When, typically, most beginning Calvert County investors take on buying a single-family rental property, what conventionally comes to mind are the operational aspects of the investment: finding tenants, managing property maintenance, and collecting rent. What you may not be aware of is that there are also an unbelievably large assortment of laws and legal matters that relate to buying and leasing rental homes.
While many federal laws will affect rental properties nationwide, most of the laws that you are required to follow are those on the books of your state, county, or even city. On that account, it is beneficial to do your research and certainly get a clear sense and comprehension of these laws before you acquire an investment property.
Real Estate Agency and Licensing Law
One of the crucial people on your investing team is your real estate agent. The laws that govern the relationship between an agent and their clients differ from state to state. As an investor, it’s pertinent to grasp what your real estate agent can and cannot legally do, from disclosures to acting in a dual agency capacity.
On top of that, reckon that real estate agents may or may not be proficient in property management laws. You should then especially do your best to have a solid knowledge of the procedures required by Maryland for getting and keeping a real estate license and ascertain that your agent’s license is current and in good standing.
Transfers of Ownership
Another state-specific set of laws you should be aware of are those drawn into voluntary and involuntary ownership transfers. Voluntary transfers of ownership are those that come into existence when a rental property is purchased. Although, there are certainly a few differences among state laws in terms of who will handle the transfer (your real estate agent or an attorney, for example), whether title insurance is required, who pays which closing costs, and who owns the property on the day of closing.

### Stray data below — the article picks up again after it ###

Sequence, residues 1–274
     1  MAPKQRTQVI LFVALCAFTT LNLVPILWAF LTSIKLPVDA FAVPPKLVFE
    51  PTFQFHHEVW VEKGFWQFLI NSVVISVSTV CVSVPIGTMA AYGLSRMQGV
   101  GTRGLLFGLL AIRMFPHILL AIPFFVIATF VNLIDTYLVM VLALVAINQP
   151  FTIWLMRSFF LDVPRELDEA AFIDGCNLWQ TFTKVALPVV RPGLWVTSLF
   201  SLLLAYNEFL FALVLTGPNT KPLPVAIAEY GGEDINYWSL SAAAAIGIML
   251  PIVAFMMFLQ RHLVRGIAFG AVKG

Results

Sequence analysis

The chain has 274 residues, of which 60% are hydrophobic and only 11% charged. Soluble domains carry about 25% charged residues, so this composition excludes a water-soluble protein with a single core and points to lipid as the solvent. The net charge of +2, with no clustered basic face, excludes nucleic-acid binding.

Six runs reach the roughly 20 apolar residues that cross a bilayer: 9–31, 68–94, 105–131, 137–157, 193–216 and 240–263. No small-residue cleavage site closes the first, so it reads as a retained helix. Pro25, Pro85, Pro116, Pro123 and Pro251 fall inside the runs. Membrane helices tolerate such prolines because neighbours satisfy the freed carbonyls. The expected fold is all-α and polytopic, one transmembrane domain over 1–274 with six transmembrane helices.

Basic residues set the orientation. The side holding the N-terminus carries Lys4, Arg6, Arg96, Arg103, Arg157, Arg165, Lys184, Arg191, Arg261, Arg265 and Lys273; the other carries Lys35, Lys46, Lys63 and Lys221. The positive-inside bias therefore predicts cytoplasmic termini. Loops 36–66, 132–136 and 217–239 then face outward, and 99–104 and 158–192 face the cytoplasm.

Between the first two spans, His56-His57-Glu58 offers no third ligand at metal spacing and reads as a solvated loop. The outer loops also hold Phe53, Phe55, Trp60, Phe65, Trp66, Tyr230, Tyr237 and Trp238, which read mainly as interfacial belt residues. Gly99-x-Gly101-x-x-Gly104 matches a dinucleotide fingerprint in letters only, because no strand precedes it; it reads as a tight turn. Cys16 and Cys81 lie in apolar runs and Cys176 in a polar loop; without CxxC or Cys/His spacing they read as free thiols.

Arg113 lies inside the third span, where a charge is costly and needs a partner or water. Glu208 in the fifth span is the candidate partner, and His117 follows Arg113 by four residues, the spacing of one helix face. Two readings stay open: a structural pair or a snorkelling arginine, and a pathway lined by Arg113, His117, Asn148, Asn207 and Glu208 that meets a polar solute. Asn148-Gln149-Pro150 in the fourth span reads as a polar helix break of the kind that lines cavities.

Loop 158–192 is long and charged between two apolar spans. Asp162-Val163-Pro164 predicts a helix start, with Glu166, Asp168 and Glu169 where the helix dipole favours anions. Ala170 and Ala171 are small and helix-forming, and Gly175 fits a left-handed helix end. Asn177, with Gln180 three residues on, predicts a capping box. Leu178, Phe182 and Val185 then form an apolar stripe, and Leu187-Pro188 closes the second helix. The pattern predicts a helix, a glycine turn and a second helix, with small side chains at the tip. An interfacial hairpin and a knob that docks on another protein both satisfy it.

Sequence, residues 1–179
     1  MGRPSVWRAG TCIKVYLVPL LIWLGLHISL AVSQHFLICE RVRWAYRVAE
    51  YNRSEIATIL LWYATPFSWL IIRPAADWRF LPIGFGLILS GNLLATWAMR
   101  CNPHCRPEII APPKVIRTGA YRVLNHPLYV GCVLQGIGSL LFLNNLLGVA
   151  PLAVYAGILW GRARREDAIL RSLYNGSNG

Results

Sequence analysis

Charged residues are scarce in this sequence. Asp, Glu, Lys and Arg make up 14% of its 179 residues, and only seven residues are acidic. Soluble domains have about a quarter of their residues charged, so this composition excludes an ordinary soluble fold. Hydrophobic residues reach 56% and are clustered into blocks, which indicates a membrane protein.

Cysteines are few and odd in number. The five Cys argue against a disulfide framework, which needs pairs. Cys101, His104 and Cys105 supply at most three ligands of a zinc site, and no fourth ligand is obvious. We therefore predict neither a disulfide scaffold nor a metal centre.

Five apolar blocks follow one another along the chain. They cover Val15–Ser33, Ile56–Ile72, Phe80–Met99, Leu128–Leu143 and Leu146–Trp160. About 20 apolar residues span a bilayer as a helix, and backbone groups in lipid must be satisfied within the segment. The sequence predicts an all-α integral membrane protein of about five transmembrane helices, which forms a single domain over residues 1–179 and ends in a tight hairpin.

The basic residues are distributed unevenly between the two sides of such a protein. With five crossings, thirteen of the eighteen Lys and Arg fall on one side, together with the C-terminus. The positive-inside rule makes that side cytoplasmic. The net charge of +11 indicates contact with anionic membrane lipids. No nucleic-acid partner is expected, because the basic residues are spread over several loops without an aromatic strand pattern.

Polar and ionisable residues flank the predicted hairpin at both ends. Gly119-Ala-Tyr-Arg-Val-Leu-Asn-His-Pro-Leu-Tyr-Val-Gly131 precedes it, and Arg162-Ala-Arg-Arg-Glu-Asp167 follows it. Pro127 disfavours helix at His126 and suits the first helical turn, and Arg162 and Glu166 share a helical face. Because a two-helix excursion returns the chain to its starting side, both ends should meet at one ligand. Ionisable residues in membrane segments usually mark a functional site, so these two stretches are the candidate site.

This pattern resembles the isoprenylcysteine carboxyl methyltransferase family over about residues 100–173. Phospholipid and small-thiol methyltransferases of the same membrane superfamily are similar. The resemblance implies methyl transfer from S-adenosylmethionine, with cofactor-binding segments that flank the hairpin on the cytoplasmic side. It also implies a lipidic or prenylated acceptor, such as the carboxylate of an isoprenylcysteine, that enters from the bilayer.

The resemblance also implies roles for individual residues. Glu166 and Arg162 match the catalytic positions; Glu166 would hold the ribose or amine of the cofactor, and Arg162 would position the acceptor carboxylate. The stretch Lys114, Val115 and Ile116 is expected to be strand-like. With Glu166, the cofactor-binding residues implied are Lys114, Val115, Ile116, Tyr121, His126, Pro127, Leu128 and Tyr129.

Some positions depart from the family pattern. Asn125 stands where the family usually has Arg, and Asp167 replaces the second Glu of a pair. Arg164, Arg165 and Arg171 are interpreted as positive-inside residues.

But despite that fact, you should as well learn your state laws about involuntary ownership transfers. These transfers normally happen when the heirs of a deceased property owner inherit the property. Considering these laws can help you think out and make the process worry-free whether you inherit property or leave your property to someone else.
Limitations on Use
In the majority of states, local regulations will direct how a property owner may use their property. Zoning ordinances, deed restrictions, historic preservation programs, and environmental review laws can all limit how a property owner may operate their land or structures.
As an investor, it’s salient to be aware of and hear as regards any local ordinances that may infringe on your opportunity to renovate or lease the property you choose to buy. You should especially find out if any occupancy laws impact your means to use the property as a rental.
Fair Housing and Others
There are federal, state, and even a handful of local laws intended to protect tenants’ rights and prevent discrimination. So while knowing your federal tenants’ rights laws is pertinent, you should, at the same time, take into account whether your state has supplemented those laws with stricter versions of their own. You should as well check very carefully for any rent control policies that may apply, both current and those most likely to be enacted without delay.
Taking in your local Landlord/Tenant laws and habitability standards will help always see to it you manage your investment property in the suitable and correct way. Tenants’ rights laws can cover an unexpected number of things, from security requirements to frequency and notification about rent increases.
Understanding all of the necessary laws in Maryland can be a whole lot of work, so it is entirely reasonable for countless rental property investors to hire Calvert County property management experts instead. At Real Property Management Gold, we take into consideration all the ins and outs of state and federal laws and can warrant that your investment properties are leased and managed following those laws. Call today at 301-392-2172.
We are pledged to the letter and spirit of U.S. policy for the achievement of equal housing opportunity throughout the Nation. See Equal Housing Opportunity Statement for more information.